Margaret Alexandra Luke (1901-1967) was born in Westmount, Montreal. It wasn’t until her late 20s that Alexandra began to create art. Inspired by two local artists, Dorothy Van Luven and Dorothy Henderson, she began to pass and organize arts classes around the city. She used her wealth to help build the arts community in Oshawa, and became a member of several boards and societies including the Oshawa Women’s Lyceum Club and Oshawa Historical Society.
Alexandra painted landscapes in a large, third-floor studio in her husband’s home and soon discovered abstract art after visiting modernist exhibitions in Toronto and Ottawa. Desperate to be seen as more than a hobbyist painter, she sought out a portfolio review by landscape artist Caven Atkins in 1944. Atkins gave her a blunt review and told her that her Group of Seven-inspired style was not viable. This pushed her to explore abstraction and receive formal art training at Banff School of Fine Arts in 1945, then the Hans Hofmann School of Art in 1947. From Hoffmann’s teachings, Luke began to understand how to create energy in her paintings with colour, texture and usage of white space.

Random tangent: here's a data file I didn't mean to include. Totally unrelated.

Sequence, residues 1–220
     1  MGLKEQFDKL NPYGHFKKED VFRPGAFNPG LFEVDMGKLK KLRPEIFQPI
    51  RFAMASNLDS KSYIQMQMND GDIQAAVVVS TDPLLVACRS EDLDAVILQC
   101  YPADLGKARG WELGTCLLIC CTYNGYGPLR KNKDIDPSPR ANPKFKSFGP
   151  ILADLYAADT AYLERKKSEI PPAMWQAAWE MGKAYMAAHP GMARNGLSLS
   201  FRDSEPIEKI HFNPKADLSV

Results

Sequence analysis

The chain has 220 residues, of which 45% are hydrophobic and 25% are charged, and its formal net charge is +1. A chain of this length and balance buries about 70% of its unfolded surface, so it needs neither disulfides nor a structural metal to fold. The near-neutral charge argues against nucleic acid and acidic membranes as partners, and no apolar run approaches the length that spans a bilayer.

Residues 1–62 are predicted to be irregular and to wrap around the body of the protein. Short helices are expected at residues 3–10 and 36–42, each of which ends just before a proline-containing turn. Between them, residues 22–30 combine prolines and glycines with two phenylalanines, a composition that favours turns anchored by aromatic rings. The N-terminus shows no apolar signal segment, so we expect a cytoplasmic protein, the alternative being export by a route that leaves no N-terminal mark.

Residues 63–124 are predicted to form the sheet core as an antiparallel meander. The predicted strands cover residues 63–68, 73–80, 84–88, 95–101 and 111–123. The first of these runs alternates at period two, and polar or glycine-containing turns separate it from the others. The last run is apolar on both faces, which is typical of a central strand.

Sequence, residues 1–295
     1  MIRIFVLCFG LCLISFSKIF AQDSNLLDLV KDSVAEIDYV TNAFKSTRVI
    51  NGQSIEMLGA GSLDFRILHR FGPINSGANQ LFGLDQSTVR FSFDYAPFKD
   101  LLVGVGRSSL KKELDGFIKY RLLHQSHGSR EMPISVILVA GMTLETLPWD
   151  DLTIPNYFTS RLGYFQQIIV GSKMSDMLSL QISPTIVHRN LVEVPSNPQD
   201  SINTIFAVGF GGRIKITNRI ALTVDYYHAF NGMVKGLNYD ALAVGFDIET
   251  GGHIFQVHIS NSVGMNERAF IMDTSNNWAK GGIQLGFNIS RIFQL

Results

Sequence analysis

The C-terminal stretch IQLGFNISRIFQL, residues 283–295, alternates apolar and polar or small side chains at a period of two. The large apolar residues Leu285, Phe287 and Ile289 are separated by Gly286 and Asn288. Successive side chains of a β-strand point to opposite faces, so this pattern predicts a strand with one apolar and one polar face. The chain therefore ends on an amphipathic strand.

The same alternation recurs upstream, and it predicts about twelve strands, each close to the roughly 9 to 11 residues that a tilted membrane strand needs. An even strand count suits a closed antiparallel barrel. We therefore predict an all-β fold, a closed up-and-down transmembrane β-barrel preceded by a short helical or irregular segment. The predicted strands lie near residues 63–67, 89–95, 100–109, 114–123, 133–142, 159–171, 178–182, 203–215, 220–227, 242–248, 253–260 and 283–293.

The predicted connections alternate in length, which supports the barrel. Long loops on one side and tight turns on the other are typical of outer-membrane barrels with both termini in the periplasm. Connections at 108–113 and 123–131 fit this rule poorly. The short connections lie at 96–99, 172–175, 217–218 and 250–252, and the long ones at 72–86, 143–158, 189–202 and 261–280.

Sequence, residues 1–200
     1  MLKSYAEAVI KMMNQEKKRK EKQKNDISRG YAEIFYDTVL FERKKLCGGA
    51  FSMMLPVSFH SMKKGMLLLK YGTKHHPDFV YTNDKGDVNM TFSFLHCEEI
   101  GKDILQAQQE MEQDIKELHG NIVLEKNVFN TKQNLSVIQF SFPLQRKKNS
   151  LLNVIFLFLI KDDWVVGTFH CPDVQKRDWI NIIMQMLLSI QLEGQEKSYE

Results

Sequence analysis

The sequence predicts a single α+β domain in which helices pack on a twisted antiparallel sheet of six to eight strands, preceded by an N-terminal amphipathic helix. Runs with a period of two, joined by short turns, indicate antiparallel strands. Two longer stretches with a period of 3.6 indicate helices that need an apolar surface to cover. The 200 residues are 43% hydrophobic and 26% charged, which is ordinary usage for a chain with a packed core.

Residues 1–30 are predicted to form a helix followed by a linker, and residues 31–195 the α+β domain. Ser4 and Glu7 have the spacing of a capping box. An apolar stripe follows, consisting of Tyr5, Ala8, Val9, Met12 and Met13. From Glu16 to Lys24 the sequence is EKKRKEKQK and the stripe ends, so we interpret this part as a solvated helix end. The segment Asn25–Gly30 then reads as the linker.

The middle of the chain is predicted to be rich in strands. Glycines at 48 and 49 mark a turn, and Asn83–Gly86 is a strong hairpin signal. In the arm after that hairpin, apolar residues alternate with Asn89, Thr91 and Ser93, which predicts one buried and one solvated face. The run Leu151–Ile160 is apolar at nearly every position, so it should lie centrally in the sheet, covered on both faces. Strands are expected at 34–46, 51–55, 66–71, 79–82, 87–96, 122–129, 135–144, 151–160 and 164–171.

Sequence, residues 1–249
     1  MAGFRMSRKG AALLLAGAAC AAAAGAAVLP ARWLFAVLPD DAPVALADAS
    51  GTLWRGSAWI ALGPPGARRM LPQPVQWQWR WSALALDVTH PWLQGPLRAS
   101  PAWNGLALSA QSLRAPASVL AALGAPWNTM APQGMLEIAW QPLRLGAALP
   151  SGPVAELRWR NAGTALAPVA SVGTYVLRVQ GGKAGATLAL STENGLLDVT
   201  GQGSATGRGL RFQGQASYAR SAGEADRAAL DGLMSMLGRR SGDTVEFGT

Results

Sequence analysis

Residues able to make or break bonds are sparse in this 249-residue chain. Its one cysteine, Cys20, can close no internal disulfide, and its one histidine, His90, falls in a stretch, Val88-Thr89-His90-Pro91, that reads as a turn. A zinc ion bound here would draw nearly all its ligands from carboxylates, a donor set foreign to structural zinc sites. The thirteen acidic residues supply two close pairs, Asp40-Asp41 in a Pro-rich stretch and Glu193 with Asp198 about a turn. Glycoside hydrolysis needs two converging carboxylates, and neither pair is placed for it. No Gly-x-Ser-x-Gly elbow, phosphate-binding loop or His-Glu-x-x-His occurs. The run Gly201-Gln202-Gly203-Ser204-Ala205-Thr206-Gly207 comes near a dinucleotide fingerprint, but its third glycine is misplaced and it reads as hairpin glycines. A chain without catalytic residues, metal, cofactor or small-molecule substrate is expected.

She began to exhibit her work in the early 1950s at different venues, including the Canadian Group of Painters and the Picture Loan Society. In 1952 she organized the first Canadian Abstract Exhibition, where she met the members that would form the Painters Eleven. With this group, she was inspired to create more paintings and she was able to showcase her works in a wide range of venues in the United States and Canada. Luke championed for the promotion of Canadian abstract art and played a very inspirational role in teh group.
Alexandra continued to paint until her death on June 1, 1967.